Preface

Objective

The center of your culture is left without electric power for a few hours only, and all of a sudden crowds of American citizens start looting and creating havoc. The smooth surface film must be very thin. Your social system must be quite unstable and unhealthy.

—Alexander Solzhenitsyn at Harvard Class Day Afternoon Exercises

Thursday, June 8, 1978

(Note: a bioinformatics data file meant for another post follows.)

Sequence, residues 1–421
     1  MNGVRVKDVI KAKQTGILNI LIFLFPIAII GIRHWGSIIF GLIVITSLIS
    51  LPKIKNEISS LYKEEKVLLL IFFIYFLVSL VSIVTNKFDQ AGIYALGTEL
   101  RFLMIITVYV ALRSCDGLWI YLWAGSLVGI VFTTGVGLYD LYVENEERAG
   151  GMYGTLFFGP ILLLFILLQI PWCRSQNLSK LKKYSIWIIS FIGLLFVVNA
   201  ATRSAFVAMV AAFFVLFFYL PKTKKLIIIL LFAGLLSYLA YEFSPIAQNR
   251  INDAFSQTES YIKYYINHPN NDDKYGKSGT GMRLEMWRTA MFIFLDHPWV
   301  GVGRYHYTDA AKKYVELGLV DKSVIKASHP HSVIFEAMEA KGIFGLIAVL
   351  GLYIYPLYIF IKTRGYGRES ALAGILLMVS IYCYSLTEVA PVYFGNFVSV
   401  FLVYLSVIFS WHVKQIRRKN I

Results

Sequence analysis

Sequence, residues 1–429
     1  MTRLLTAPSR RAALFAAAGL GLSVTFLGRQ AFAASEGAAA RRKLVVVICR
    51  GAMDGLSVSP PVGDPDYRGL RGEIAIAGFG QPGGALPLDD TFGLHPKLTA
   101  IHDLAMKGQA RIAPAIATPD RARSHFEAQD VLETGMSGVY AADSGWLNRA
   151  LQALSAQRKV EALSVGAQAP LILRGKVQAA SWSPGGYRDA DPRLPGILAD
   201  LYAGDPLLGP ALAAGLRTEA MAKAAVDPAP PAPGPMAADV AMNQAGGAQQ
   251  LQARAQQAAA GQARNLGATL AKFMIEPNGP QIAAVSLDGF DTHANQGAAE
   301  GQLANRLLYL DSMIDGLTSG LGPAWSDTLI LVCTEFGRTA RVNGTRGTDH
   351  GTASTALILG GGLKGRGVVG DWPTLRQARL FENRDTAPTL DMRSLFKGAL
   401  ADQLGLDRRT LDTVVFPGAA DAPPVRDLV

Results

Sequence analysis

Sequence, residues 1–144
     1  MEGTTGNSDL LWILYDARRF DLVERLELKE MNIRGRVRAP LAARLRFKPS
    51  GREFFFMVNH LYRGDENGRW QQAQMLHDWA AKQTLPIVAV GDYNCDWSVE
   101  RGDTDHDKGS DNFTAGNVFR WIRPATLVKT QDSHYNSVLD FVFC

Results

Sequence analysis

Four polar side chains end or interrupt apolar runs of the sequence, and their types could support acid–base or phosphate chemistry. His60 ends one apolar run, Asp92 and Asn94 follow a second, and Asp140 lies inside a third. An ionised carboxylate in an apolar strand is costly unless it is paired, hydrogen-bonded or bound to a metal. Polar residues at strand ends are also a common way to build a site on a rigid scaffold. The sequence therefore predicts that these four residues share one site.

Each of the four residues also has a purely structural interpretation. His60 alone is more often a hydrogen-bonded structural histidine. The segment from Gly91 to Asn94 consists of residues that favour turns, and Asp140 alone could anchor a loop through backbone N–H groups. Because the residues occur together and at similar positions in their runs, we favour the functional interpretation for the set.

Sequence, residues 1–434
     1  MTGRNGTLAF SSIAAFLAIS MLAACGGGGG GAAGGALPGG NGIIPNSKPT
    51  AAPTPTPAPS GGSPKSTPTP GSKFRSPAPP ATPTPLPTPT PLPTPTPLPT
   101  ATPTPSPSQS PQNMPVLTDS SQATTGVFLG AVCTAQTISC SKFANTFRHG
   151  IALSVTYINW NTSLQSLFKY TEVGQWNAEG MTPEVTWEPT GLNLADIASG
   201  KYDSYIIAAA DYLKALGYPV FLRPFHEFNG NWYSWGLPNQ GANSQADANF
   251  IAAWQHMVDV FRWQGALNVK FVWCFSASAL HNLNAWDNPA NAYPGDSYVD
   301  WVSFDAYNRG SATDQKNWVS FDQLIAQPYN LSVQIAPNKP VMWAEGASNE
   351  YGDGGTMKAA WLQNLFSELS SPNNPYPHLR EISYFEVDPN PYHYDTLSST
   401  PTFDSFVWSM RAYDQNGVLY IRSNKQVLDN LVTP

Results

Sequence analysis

It is natural for the reader who is not fully versed in both power systems and communications to be curious about many aspects of the evolving technologies. For example, how did power systems and communication develop to their present states where something like the term “smart grid” could be coined? Certainly power systems and communications are both offshoots of electrical engineering and both involve the manipulation of power. Why have the two fields diverged so radically? Thinking about these questions leads to more fundamental questions. What is the relationship between electric power and information? And more specifically, what is the fundamental relationship between power systems and communication theory? Thinking about these questions helps us address more practical questions. What are the potential impacts of communication on efficiency in electric power transmission and distribution efficiency? What types of communication are most appropriate for different portions of the power grid? It is also intriguing to consider the more distant future. What will the power grid look like in the decades to come? How could ...

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